Then, the effect of miRcombo transient transfection on AHCFs trans-differentiation into iCMs was evaluated at different time points by different analyses depicted in Figure 2A. As a negative control, AHCFs were also transfected with negmiR.
Figure 2. MiRcombo-transfected AHCFs show increased cardiac transcription factor expression. (A) Representative scheme of experimental design. AHCFs were transfected with miRcombo or negative control (negmiR). The acquisition of cardiomyocyte-associated features was evaluated after 7 days (cardiac transcription factors), 15 days (cardiomyocyte and fibroblast markers) and 30 days (calcium transients). (B–F) Gene expression of cardiac transcription factors. The expression of GATA4, MEF2C, TBX5, HAND2, and NKX2.5 was evaluated by ddPCR 7 days post transfection in AHCFs transfected with miRcombo (red) or negmiR (blue). Data are representative of three independent experiments, each performed in triplicate. Stated P-value is versus negmiR controls.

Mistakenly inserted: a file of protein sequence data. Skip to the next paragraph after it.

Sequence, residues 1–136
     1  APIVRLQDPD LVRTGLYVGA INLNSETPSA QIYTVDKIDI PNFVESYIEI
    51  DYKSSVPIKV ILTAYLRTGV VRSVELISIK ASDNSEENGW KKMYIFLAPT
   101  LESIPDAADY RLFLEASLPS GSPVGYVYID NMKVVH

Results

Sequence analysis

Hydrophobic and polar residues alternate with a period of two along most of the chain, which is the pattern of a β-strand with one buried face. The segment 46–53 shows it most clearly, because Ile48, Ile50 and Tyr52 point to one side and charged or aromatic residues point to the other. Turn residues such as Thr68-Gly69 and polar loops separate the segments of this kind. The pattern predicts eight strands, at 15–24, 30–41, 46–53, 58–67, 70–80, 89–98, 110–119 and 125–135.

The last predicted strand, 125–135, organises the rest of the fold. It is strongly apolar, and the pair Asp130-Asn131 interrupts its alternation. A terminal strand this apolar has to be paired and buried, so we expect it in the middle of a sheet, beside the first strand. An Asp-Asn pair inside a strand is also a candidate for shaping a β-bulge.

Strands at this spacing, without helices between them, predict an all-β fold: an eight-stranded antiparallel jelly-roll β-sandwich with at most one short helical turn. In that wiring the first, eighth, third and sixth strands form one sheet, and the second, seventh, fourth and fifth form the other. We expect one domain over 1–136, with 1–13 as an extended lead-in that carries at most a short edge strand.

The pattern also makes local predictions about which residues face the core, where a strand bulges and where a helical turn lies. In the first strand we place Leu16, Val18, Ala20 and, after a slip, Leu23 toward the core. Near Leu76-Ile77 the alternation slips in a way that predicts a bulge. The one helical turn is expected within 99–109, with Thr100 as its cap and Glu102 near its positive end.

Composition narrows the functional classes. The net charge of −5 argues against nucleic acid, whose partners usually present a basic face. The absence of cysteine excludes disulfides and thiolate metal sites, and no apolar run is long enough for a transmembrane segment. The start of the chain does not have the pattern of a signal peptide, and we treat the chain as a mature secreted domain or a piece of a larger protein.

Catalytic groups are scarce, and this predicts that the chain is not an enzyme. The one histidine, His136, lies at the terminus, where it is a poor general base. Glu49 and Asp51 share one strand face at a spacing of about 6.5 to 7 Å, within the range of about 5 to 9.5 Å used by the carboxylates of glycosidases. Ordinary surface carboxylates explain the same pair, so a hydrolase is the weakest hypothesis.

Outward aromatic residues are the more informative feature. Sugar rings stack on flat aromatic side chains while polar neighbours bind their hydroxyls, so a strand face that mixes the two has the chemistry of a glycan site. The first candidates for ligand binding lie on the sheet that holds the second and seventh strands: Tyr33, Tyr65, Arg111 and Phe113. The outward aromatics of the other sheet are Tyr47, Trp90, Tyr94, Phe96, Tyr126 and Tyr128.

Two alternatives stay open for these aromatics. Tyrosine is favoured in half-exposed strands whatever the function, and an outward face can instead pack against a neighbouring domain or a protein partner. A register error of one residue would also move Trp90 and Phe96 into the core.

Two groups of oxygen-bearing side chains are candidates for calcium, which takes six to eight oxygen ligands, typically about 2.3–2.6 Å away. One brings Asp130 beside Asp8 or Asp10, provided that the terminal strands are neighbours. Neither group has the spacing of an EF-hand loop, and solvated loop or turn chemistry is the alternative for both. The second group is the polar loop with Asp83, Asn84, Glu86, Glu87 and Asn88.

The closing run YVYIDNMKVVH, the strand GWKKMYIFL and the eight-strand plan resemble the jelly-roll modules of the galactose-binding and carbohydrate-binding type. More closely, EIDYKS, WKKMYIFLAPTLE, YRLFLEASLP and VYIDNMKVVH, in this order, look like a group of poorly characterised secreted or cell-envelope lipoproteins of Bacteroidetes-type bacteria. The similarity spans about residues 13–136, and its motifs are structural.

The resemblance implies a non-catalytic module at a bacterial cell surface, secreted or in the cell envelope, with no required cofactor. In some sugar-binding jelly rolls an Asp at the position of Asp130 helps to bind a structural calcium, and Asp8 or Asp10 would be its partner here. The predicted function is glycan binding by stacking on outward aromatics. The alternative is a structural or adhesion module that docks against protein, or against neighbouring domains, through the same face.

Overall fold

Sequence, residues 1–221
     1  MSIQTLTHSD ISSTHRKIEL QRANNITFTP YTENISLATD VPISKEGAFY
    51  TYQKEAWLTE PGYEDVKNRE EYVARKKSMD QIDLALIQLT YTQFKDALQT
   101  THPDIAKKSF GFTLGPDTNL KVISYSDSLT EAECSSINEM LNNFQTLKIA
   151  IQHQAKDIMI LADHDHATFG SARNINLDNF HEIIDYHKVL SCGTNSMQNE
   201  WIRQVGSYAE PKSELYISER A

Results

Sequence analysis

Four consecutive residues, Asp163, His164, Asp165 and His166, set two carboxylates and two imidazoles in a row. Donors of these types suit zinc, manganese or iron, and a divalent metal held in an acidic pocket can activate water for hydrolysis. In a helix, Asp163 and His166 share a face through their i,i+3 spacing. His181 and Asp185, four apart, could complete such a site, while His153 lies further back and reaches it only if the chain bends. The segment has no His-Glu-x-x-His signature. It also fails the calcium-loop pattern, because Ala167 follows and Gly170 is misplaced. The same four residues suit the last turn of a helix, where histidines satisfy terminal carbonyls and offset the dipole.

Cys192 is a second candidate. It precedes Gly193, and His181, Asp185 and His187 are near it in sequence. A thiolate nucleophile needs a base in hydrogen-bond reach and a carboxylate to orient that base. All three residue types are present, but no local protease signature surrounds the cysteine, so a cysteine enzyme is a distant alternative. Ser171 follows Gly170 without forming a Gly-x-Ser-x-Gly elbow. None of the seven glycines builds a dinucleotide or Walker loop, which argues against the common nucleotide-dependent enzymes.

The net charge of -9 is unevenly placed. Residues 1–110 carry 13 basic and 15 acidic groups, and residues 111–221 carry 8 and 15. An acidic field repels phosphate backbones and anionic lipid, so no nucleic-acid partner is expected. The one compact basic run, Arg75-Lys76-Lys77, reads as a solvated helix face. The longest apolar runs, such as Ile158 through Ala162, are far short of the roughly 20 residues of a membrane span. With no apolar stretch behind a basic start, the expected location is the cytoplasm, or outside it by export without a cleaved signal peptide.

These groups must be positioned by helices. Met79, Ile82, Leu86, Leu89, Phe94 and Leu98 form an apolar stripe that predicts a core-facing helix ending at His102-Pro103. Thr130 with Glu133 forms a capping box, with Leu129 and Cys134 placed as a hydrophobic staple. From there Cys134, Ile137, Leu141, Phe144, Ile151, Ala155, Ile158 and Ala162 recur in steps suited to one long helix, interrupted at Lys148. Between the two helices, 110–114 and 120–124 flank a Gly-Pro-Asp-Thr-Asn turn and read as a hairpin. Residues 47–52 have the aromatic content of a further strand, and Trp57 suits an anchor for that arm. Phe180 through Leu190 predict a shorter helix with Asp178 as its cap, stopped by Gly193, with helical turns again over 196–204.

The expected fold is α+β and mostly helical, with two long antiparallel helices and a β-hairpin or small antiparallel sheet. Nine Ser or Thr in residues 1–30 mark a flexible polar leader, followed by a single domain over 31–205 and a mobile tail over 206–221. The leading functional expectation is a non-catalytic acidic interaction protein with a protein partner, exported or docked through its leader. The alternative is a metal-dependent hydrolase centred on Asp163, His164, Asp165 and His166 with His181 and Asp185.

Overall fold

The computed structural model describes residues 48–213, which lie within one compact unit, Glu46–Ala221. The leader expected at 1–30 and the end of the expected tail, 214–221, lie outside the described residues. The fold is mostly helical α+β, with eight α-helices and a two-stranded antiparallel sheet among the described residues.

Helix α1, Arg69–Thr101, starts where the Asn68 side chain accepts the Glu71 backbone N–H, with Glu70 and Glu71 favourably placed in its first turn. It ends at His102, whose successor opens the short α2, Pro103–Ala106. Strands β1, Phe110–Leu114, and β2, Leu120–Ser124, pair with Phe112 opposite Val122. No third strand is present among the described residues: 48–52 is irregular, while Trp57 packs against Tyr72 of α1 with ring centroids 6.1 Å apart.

DdPCR analysis showed that miRcombo transfected cells upregulated the expression of early cardiac transcription factors (TFs), with a significantly increased expression of GATA4 (p = 0.007), MEF2C (p = 0.0004), TBX5 (p < 0.0001) and HAND2 (p = 0.0001) cardiac TFs, compared to negmiR transfected cells, 7 days after transfection (Figures 2B–E). Additionally, the expression of NKX2.5 cardiac TF was increased in miRcombo transfected cells compared to controls, although not significantly (Figure 2F).